Emma Morley and Dexter Mayhew are just graduating college in London on July 15, 1988, when they end up in bed together.  It doesn’t appear as though the deal were sealed, but we’ll still call it a one night stand.  The only difference is the two stayed in contact over the years.  The reader gets a glimpse into their lives every July 15, up until 2007.  I loved that aspect of the book, because there was only so much we, as the reader, could understand or know.  It becomes obvious from the get go though that these two, Dex and Em, Em and Dex, belong together.  They form this unique friendship that seems to stand the test of time, although the timing for a romance is never there.

The two encounter many challenges along the way.  They both have self esteem issues.  Em becomes introspective and it takes her awhile to break out of her shell and go after the things she really wants in life.  For awhile there she is stuck as a waitress in a Mexican restaurant, dating a failing comic named Ian Whitehead, whom she may love but for whom she has absolutely no passion for.  Meanwhile, Dex is living in the fast lane.  Picture a Carson Daly-esque TV host who quickly spirals out of control due to excess women, booze and drugs.  Given the combination, Em and Dex encounter speed bumps along the way and their relationship begins to fray.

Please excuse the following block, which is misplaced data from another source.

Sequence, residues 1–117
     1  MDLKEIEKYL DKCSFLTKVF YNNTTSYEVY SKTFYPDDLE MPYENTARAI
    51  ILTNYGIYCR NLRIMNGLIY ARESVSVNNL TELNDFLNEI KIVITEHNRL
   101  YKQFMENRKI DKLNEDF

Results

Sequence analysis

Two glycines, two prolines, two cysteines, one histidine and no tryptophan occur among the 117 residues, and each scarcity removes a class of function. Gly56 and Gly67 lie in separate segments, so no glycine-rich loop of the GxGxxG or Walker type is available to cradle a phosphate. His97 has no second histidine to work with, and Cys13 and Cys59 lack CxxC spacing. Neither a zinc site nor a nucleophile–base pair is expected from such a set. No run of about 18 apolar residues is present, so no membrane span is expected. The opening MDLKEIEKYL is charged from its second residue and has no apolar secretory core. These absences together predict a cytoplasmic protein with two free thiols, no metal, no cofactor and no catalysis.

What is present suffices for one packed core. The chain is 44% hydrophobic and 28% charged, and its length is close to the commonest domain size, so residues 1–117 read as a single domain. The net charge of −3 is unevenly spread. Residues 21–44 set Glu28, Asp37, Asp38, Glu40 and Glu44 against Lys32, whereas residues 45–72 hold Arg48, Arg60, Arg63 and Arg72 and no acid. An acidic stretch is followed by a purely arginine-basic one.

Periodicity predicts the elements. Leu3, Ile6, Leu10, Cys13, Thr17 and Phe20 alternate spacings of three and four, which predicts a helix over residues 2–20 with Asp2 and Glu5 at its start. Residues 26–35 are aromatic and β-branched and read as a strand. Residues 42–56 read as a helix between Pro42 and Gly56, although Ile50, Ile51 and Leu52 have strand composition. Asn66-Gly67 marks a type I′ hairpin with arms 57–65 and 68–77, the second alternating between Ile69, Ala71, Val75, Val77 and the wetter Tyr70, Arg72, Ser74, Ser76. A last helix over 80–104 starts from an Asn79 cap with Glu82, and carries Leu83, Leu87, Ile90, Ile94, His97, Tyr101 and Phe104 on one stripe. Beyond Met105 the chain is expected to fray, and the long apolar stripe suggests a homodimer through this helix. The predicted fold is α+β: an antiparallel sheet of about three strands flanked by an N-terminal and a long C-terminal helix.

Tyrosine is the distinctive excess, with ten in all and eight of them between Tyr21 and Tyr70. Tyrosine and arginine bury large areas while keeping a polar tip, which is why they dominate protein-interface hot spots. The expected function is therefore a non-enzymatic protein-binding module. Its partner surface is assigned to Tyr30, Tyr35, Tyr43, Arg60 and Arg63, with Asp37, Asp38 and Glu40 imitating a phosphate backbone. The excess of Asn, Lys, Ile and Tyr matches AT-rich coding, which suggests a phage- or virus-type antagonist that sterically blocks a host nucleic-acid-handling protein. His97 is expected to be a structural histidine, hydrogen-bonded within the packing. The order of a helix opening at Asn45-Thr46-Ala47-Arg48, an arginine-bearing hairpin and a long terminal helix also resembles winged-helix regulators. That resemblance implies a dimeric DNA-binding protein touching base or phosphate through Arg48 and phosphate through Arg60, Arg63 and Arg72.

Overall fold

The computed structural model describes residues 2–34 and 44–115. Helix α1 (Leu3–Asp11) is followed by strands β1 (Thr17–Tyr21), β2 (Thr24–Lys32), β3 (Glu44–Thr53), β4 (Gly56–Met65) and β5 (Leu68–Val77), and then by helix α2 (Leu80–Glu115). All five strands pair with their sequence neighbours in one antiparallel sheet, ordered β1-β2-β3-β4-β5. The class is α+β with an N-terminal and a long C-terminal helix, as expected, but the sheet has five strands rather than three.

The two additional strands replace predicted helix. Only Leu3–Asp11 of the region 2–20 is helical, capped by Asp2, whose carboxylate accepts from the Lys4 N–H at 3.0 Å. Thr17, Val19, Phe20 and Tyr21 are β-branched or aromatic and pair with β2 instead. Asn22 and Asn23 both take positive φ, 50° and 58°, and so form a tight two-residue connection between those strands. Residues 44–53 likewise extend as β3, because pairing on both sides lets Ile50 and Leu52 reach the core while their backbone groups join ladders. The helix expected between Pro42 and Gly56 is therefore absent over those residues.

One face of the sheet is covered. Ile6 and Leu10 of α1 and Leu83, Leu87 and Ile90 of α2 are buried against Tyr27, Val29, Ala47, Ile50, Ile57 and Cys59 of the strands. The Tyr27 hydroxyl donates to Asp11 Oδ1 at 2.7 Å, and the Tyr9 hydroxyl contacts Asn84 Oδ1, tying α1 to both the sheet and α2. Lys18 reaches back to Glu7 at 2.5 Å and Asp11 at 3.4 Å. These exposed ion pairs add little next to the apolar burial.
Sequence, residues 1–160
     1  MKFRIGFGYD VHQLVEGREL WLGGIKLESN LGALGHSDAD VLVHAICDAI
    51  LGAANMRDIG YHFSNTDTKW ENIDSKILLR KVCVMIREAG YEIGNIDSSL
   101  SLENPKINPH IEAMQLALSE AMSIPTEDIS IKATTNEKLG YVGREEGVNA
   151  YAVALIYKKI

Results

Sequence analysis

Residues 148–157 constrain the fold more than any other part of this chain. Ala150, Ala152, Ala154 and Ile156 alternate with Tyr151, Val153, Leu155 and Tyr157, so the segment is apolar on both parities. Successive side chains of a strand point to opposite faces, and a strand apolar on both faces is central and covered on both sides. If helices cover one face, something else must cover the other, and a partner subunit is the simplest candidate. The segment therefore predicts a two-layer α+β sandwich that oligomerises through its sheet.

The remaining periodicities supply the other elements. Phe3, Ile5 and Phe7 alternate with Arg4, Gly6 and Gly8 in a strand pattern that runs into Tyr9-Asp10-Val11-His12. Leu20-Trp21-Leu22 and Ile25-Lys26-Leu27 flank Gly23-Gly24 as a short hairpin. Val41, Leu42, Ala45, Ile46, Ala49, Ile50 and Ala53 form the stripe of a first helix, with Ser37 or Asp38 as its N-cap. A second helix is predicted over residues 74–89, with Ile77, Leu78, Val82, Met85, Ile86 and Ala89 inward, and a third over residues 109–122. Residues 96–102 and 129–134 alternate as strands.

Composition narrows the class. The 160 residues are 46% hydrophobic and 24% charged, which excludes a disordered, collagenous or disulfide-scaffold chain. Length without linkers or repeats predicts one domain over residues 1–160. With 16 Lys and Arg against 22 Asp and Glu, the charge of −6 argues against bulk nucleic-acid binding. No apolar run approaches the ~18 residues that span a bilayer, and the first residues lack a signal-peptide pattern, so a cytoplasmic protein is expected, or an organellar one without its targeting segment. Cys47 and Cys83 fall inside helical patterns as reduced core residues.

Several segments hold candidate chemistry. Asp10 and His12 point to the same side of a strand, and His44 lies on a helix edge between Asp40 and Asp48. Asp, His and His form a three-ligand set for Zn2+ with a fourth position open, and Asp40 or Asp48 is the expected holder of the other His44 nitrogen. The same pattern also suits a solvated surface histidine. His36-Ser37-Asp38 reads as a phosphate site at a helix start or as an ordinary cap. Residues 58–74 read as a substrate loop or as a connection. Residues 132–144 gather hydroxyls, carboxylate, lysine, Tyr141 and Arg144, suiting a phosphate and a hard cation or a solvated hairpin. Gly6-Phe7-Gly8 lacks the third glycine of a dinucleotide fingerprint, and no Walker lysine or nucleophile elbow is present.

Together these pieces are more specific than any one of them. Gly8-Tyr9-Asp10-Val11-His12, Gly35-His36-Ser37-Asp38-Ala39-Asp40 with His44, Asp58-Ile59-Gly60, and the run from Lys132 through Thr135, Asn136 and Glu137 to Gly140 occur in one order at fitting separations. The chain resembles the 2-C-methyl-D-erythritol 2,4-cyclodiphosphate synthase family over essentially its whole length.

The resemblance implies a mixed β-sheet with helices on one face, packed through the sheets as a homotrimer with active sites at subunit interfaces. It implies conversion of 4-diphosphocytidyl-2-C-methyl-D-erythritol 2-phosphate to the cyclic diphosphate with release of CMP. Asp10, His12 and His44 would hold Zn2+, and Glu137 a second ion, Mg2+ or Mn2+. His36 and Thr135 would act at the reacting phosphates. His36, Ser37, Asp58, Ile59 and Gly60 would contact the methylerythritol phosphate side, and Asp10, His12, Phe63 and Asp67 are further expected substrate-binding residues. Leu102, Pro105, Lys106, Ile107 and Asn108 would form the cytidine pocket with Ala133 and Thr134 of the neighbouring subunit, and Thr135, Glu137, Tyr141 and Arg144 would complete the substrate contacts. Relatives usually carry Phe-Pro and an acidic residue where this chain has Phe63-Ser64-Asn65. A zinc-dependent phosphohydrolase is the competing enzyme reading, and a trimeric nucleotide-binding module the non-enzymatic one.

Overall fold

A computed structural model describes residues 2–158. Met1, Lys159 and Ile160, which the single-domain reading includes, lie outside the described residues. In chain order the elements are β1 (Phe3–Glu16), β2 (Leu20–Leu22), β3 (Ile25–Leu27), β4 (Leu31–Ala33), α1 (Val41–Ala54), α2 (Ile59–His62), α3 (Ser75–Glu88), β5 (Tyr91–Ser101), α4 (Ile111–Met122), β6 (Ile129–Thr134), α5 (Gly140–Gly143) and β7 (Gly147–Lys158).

Despite what I had been told about this book (said attorney could not put it down), I had a hard time becoming involved.  I was irritated with Dex and Em.  I actually liked Dex and was rooting for him, however corny that may sound.  I knew from the start that he was a likable guy who was just unable to accept himself.  He wanted to be considered cool and accepted.  Em, on the other hand, annoyed me.  I couldn’t understand why she didn’t just grow up and make herself happy.  She had all the tools available, but she was too scared of failure.  Her relationship with Ian annoyed me to no end because I knew she was just settling.

Something happened though, which changed my mind about One Day.  This is definitely a *spoiler*, so skip this paragraph if you’d like.  Emma and Dex come together, realize that they are in love, and get married.  And then . . . Emma dies.  Awful, I know.  It’s a freak accident.  She’s riding her bike along the roadway when a driver, not paying attention, hits her.  On July 15.  The impact this had on me, I cannot describe.  I seriously thought about this book, and Emma’s death, for days afterward.  I was just heartbroken.  And however much I was ambivalent about the book beforehand, how can that not be wiped away when I have such a strong response to the ending?  What a conundrum.

So, as you can see, I had mixed emotions about One Day.  Would I read it all over again for the ending?  The answer, I think, is yes, because if I am so impacted, that has to be an indication of something good.

Other Reviews:

Books and Movies

You’ve GOTTA Read This!

The Captive Reader

I borrowed this book from a coworker.

Book Review: Cutting for Stone

Cutting for Stone

Abraham Verghese


688 pages

I know I have disappeared again, but I have now returned with a review for a book that will surely be numbered as one of my favorites for the year.  I had wanted to post a review soon after finishing it, but decided to hold off because my book club was meeting last week to discuss it and I often like to include the thoughts of my fellow members when posting my reviews.  Unfortunately, only one other member had finished the book, so a lot of good it did, waiting.